October 5, 1857

in Thoreau’s Journal:

There is not now that profusion, and consequent confusion, of events which belongs to a summer walk. There are few flowers, birds, insects, or fruits now, and hence what does occur affects us as more simple and significant, as the cawing of a crow or the scream of a jay. The latter seems to scream more fitly and with more freedom through the vacancies occasioned by fallen maple leaves.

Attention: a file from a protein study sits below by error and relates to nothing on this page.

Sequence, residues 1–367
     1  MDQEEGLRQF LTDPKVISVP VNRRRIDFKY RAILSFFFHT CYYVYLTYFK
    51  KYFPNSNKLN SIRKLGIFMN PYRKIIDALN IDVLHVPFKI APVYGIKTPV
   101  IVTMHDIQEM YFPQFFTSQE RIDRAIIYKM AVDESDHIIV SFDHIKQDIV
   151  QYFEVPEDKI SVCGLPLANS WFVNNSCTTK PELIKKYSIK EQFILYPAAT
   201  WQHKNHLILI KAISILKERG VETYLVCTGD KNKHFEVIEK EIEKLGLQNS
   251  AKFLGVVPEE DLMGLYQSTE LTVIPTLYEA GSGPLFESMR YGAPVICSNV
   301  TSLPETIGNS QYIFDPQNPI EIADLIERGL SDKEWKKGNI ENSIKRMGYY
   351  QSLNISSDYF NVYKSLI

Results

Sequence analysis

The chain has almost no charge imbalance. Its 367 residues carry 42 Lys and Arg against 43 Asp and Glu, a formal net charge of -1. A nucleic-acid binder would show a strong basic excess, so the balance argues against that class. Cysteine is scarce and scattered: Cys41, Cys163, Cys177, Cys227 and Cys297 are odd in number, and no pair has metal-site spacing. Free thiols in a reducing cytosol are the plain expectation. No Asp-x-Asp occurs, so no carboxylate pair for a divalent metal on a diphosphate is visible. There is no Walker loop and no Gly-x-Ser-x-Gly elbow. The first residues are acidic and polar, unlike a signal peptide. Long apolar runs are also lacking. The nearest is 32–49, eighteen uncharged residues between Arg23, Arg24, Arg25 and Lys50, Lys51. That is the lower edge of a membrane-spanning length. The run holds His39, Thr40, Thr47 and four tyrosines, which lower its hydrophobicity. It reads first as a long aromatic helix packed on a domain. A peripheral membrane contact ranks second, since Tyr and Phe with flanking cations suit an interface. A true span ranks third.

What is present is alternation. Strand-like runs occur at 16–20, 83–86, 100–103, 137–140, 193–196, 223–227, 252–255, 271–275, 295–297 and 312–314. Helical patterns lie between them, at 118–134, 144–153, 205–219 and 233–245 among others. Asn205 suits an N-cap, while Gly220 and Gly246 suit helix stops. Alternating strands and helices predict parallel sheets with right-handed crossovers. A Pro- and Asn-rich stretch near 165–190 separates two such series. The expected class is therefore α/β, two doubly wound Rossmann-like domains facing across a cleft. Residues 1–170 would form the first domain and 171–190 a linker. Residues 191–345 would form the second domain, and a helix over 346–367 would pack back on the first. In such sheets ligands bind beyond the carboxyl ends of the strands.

I hear the alarum of a small red squirrel, and see him running by fits and starts along a chestnut bough toward me. His head looks disproportionally large for his body, like a bull-dog’s, perhaps because he has his chaps full of nuts. He chirrups and vibrates his tail, holds himself in, and scratches along a foot as if it was a mile. He finds noise and activity for both of us. 

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